The year 2016 was a good one for Disney and PIXAR, as both of its major releases that year grossed over $1.02 billion. Finding Dory is a spin-off from the 2003 Finding Nemo, in which we learn about Dory as a child and how her short-term memory loss affected her long before she met Marlin and joined him on an adventure in search of Nemo. We are introduced to Dory’s parents, a beluga whale named Bailey who is sure his sonar skills aren’t working properly, a loon bird named Becky who has trouble following through with plans and an octopus—excuse me, septopus—named Hank who is an expert in camouflaging and helps Dory to make her ultimate escape from the Marine Life Institute. (His backstory involves the loss of a tentacle.)

3. Toy Story 3, 2010

The third installment of the Toy Story franchise grossed a cool $1.067 billion, making it the third highest-grossing Disney animated film so far. In this film, Andy is all grown up—and packing up for his move to college. Mom asks Andy to sort through things in his room and make a “keep” bag and a “trash” bag. The keepers include Woody, Buzz, Jessie, Rex, Hamm, Slinky and the Potato Heads, among others, but a switcheroo lands the toys in a trash bag on the street on trash day—unbeknownst to Andy. Luckily, the toys escape, but only from the frying pan to the fire as they end up in a donations box that is taken to the local daycare. Sunnyside Daycare is far from sunny, however, and the toys are soon faced with a bitter teddy bear named Lotso-Huggin’ Bear. He smells like strawberries, but his plans reek of evil and the toys’ demise. All hope is not lost, however, and the toys are able to escape—with Woody’s help. The story ends with Andy passing along his beloved toys to a little girl named Bonnie who he’s sure will love them just as much as he did. (I still cry at that ending every time—darn you, PIXAR!)

2. Incredibles 2, 2018

The Parrs are back for the long-awaited sequel to Disney/PIXAR’s 2004 The Incredibles. The new superheroes film was released in June 2018, and in just two short months, it has grossed $1.12 billion worldwide, $183 million on its opening weekend! Bob and Helen Parr and their children Violet, Dash and Jack-Jack look like a normal suburban family, but they’re anything but normal—Bob has superhuman strength, Helen can stretch herself to almost paper-thin, Violet can project dome-shaped protective shields over people, and Dash can run faster than any other human. And in Incredibles 2, we discover just how varied Baby Jack-Jack’s powers are. He can multiply himself, burst into flames, float through walls and more. And if you thought the evil Syndrome from The Incredibles was a force to be reckoned with, hang on to your seats for the Incredibles’ newest nemesis, the Screenslaver, who seeks to turn the public against supers once again. Helen Parr is chosen by a brother-sister duo from DevTech for a project to re-introduce supers to society and win them over for good. Helen returns to her role as Elastigirl, and Bob is left to play the role of Mr. Mom. It’s only later in the film that we learn the true identity(ies) of the Screenslaver and the evil mastermind behind him.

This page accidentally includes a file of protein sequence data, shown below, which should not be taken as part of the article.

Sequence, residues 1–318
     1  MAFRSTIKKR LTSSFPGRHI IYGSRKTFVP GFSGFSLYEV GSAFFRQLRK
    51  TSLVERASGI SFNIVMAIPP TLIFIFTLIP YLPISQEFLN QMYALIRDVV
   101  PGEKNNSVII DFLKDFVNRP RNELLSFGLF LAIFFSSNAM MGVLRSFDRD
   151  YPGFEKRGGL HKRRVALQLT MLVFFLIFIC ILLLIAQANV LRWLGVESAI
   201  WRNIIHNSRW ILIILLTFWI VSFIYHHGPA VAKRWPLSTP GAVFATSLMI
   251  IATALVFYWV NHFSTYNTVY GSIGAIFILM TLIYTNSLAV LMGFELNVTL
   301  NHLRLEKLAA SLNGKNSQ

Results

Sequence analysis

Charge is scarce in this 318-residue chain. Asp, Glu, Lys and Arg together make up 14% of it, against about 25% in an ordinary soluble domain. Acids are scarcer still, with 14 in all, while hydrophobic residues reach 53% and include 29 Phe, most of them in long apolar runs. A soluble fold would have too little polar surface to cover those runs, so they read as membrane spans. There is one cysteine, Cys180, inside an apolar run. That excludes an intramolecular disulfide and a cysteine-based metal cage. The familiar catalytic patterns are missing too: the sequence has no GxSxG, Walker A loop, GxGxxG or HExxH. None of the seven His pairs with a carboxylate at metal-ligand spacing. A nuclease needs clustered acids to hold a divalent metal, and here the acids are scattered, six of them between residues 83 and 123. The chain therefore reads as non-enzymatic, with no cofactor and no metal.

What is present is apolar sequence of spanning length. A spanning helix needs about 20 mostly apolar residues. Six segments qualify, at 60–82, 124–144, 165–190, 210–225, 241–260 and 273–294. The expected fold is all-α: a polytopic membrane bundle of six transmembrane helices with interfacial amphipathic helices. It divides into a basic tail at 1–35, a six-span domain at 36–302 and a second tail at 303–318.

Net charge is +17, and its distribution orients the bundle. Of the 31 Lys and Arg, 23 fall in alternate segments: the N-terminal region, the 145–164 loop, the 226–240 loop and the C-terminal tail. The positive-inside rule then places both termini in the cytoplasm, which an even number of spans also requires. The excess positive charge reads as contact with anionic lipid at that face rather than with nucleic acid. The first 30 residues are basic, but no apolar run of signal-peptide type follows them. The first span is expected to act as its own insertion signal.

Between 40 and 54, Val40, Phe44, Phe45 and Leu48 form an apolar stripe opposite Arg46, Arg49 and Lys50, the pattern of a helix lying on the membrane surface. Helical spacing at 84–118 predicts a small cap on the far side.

1. Frozen, 2013

Disney’s adaptation of Hans Christian Anderson’s The Snow Queen is the world’s highest grossing animated film of all time—for Disney and for animation overall. Frozen follows the story of the royal duo, Queen Elsa and her sister Princess Anna, from the kingdom of Arendelle. But the queen has a terrible secret—anything she touches turns to ice. She does her best to keep her secret hidden, but at her coronation, she accidentally releases her powers after a disagreement with her sister Anna about her hasty plans to marry a stranger. Rather than face the music in Arendelle, Queen Elsa takes off for the North Mountain, where she constructs a palace of ice with her unwanted powers, and Anna follows, hoping to talk Elsa into coming back. Along the way, Anna meets a handsome ice harvester Kristoff and a lovable snowman named Olaf that she knows she’s met somewhere before. A series of events takes place, and Anna is told that only an act of true love can thaw a frozen heart (Elsa’s). The story is written very well, and the animation is fabulous. No wonder it’s the highest grossing animated film in history!

About Rebekah Tyndall Burkett

Rebekah grew up in Forney, Texas and lives just outside of Dallas. She’s been a Disney superfan since childhood, experiencing the magic at Walt Disney World for the first time at the age of 11. Journeys to Neverland are at least a yearly occurrence for her, her husband and her four children (the Fab Four). When they go to the parks, they stay in Florida for three weeks at a time. Rebekah loves exploring the history of the parks, the genius behind the Magic in the person of Walt Disney, and she is intrigued by all things Disney World and Disney Imagineering. When in the parks, Rebekah and her husband Scott make the most of their time by enjoying every minute with their Fab Four, by delving deeper into Walt’s vision for the parks and into the history behind the Walt Disney World Resort, and by photographing the many different types of architecture at Magic Kingdom, Disney’s Hollywood Studios and on the World Showcase at EPCOT. When she’s not in the parks, Rebekah is excitedly setting travel dates and planning her family’s next adventure to their happy place deep within the Sunshine State. On breaks from planning her next trip, Rebekah is a writer, journalist and children’s author, penning children’s books about kids with special needs that she affectionately calls “believement-achievement” stories. Her hobbies include creative writing, paper crafting and interviewing Imagineers. She is also an advocate for Autism Awareness and for children with developmental disabilities of all kinds.